Lorrel Brown

1. What is your specific area of research (include the name of your faculty and/or laboratory)?
I conduct research under the mentorship of Dr. Sudhir Gupta and Dr. Leman Yel in the College of Medicine, Department of Immunology here on the UCI Campus. Our exciting project is investigating the effects of mercury on neuronal cells. This project was sparked by alarm over a compound known as Thimerosal, a mercury-containing vaccine preservative. People were concerned that Thimerosal was contributing to the onset of Autism in children, as neurological damage consistent with mercury poisoning was evident in Autistic patients.

We have been examining the specific pathway by which mercury causes neuronal cells to undergo a process called apoptosis, or programmed cell death. We have found evidence to support our hypothesis that mercury does cause apoptosis via the mitochondrial pathway, and now we are working to delineate the step-wise mechanism of this pathway.

2. When and how did you first get involved in research?

During the spring quarter of my freshman year, after hearing much about the UROP program and the availability of on-campus research for undergraduates, I searched online for faculty currently performing research in my areas of interest. After attending several interviews with different faculty members, I met with Dr. Sudhir Gupta. I was originally interested in joining his lab because they had conducted research in the past on chronic fatigue, a condition from which my mother suffers. Dr. Gupta informed me that while they were not currently researching chronic fatigue, they were about to begin a project dealing with mercury poisoning. Immediately I was interested because my mother also suffers from mercury poisoning, and this connection gave me personal stake in our research findings. After the summer vacation, I joined Dr. Gupta's lab and have been working there since.

3. How has research enhanced you education?

Research is as vital a part of my scientific education as the classes I take. They walk hand-in-hand, augmenting each other and providing me with a balanced, broad foundation of scientific knowledge. In class, I learn the current state of knowledge about cellular processes, molecular mechanisms, and theory behind experimental techniques. I then go to the lab where I actually perform these techniques and apply my knowledge of biology to a new, unsolved mystery of the human body in an attempt to add to the scientific body of knowledge. I am a stronger student because of my experience in research, and I am a better researcher because of my training as a biologist.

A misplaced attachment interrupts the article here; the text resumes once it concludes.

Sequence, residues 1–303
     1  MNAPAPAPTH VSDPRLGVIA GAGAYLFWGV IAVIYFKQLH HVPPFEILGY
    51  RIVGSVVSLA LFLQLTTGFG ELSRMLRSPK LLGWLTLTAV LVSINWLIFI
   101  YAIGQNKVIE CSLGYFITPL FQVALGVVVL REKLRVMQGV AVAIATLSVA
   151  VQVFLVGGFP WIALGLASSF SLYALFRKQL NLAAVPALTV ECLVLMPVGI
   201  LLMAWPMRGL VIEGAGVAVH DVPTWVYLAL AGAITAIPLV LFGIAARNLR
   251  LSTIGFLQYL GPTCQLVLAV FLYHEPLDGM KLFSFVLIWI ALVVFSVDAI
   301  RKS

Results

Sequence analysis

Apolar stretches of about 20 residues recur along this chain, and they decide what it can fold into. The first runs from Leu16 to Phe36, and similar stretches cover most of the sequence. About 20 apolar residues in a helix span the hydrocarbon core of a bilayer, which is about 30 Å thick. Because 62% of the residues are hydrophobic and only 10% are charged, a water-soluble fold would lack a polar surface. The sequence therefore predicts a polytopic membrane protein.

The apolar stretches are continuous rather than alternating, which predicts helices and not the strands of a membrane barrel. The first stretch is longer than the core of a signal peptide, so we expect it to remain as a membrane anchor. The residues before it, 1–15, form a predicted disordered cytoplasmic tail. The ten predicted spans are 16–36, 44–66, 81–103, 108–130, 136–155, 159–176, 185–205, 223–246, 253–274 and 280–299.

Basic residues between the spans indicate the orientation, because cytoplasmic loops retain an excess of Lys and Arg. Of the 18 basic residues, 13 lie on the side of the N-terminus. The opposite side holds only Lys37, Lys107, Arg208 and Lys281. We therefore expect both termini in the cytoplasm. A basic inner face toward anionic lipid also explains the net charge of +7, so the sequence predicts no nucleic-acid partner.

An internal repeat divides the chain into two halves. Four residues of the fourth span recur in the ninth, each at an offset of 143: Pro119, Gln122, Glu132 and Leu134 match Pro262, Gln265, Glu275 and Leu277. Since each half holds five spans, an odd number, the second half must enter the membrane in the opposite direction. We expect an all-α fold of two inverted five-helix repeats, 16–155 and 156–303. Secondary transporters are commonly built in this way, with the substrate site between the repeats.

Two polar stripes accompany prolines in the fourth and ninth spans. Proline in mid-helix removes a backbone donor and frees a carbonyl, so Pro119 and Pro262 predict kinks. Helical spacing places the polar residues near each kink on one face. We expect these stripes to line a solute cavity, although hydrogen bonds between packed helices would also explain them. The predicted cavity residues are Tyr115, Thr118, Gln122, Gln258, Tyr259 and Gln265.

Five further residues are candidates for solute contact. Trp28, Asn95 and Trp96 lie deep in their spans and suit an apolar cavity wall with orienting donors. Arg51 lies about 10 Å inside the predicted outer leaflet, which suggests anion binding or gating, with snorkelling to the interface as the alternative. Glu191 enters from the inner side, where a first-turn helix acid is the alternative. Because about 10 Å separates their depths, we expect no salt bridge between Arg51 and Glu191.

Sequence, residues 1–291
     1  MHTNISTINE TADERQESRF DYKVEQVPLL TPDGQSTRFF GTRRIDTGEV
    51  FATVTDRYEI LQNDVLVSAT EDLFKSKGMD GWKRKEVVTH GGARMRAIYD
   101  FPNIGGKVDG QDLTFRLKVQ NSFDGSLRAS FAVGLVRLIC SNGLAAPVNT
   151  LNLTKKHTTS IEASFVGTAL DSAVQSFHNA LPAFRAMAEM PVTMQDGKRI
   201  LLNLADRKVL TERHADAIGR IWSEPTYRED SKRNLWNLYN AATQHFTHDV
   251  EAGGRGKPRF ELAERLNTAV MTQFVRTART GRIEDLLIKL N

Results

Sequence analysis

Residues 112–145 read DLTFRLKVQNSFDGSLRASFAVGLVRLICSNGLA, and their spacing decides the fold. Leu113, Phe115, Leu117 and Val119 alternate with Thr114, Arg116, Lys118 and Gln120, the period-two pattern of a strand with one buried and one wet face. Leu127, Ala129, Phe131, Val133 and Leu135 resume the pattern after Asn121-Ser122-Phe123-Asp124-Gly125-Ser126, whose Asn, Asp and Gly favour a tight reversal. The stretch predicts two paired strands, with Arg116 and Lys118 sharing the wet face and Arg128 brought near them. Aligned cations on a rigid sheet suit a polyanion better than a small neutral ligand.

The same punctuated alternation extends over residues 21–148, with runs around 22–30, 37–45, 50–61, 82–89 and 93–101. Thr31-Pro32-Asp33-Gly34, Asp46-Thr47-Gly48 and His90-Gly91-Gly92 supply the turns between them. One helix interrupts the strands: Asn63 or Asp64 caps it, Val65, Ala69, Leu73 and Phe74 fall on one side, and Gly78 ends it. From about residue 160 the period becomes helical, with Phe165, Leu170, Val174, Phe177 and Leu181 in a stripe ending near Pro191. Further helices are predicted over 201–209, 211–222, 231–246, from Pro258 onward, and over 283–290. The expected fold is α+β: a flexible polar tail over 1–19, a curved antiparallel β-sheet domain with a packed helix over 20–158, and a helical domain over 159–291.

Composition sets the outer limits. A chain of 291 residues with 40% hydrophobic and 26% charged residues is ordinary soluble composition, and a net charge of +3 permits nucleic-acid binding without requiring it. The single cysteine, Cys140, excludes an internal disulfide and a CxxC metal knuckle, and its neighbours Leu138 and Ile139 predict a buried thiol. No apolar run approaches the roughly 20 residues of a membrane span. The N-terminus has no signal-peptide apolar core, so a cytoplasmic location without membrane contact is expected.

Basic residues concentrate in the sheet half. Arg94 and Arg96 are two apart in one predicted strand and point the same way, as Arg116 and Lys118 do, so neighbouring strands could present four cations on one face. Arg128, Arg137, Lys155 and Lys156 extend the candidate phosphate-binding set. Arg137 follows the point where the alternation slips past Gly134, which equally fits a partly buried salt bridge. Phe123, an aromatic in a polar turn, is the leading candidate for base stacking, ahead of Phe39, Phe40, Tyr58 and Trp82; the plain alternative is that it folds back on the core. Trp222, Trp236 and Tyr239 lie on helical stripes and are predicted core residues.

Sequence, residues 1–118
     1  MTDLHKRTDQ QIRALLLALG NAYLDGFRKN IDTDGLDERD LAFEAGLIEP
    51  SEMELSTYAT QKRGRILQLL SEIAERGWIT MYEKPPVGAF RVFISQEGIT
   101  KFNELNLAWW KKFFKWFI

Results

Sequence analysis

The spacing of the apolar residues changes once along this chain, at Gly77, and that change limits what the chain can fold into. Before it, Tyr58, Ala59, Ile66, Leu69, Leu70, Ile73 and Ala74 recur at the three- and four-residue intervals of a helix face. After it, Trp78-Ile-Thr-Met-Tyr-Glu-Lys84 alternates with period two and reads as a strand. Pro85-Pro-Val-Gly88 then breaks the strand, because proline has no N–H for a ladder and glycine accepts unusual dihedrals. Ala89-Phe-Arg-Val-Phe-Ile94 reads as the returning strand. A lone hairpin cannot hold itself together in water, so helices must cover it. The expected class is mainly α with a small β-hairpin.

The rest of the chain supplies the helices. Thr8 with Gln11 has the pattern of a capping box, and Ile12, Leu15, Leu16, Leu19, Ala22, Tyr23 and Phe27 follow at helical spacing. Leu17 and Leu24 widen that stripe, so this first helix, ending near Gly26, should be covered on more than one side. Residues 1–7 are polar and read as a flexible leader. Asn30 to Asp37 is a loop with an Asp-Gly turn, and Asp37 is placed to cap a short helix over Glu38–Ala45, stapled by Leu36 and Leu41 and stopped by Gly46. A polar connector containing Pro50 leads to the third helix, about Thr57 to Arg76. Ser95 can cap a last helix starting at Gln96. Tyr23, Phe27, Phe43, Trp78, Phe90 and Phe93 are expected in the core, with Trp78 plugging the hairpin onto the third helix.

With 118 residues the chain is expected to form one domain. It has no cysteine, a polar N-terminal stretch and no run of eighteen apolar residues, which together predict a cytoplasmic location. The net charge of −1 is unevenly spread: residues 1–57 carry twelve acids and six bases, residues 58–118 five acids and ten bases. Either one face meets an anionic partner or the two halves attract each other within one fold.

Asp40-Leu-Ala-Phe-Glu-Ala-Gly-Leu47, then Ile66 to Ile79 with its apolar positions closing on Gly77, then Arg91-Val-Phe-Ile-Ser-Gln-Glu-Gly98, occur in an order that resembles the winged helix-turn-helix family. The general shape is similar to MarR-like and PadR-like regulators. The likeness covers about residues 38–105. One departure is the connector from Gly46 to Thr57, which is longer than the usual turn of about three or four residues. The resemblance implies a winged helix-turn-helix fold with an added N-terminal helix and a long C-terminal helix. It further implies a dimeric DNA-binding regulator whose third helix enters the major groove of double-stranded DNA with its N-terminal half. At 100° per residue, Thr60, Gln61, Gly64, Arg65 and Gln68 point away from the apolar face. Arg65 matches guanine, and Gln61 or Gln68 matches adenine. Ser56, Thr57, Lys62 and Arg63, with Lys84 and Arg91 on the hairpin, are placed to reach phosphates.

4. What has been you favorite experience with research (include any interesting stories or specific events)?
After nearly six months of being trained in the lab, I had finally reached a stage of relative independence in which I was able to perform the experiments for our project completely on my own. After one particularly long experiment and protocol, Dr. Yel called me into her office with a surprise. She showed me the most beautiful pictures I had ever seen -- I wanted to take them home and display them on my wall! Amazingly, these pictures actually showed the process of a cell "committing suicide," as it were. The shrinking size, the fragmentation of DNA, the disruption of the mitochondria - all these things were evident in these pictures. But the most amazing feature of all was that I was responsible for these pictures, I had made them possible by my experimentation! It was a thrill that I will never forget.
5. What are your future plans and how has being involved in research helped to prepare you to meet your goals?

After graduating from UCI, I plan on going to medical school to become a physician. While clinical practice will be a large part of my life, I would not be satisfied if this were my only involvement in medicine and science. I plan on being actively engaged in biomedical research, perhaps in the area of migraine headaches or genetically engineered organs for surgical transplantation. I also hope to serve as an ethical and moral voice in the medical community, shaping policy for the future both on issues of public health and research guidelines. I want to live at the interface between public service, medicine, and biomedical research. Being involved in research as an undergraduate has revealed to me a side of medicine I never had considered for my future. My experience has also convinced me of my desire to be involved in this vital aspect of medicine.

6. What advice would you give to a student interested in pursuing a faculty-mentored undergraduate research project or creative activity?

Find your passion and get involved, NOW! It is relatively easy to find a faculty mentor who is conducting research in an area of your interest. Using the web site, find this faculty member, read some of his or her published articles, and set up a meeting with them. As you present yourself, remember that faculty members are generally more than willing to have students come and work with them. The arrangement benefits your mentor as much as it benefits you. Treat the faculty with respect, but do not be intimidated. Get out there and get involved!

Past Researchers of the Month

Dec. '02 Ping Chen
Nov. '02 Sanjay Naran
Oct. '02 Alana Shilling
Sep. '02 Michael Vongphoe
Aug. '02 Ryan Wright
Jul. '02 Adrian Fernandez
Jun. '02 Allen Andres
May '02 Elizabeth Tsai
Apr. '02 David Bear
Mar. '02 Lorrel Brown
Feb. '02 Jiri Herrmann
Jan. '02 Kathi Hamor
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